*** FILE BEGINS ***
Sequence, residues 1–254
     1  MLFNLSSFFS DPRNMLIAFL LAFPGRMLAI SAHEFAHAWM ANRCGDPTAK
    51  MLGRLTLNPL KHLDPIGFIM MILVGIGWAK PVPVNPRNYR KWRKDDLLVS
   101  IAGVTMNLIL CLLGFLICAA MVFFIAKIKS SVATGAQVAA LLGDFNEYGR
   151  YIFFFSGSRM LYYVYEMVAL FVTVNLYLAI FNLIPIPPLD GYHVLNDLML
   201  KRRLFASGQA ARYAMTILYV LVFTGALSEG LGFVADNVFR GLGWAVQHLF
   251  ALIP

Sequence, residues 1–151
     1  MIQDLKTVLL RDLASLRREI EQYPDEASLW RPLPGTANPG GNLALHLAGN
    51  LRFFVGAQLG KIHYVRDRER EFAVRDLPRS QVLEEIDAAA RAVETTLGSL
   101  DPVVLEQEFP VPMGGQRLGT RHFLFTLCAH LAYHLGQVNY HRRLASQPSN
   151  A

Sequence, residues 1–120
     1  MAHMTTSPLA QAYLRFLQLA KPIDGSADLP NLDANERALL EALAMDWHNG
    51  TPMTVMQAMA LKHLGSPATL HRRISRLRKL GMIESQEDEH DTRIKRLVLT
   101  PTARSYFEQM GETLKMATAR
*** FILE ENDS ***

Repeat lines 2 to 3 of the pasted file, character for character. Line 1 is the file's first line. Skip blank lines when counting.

     1  MLFNLSSFFS DPRNMLIAFL LAFPGRMLAI SAHEFAHAWM ANRCGDPTAK
    51  MLGRLTLNPL KHLDPIGFIM MILVGIGWAK PVPVNPRNYR KWRKDDLLVS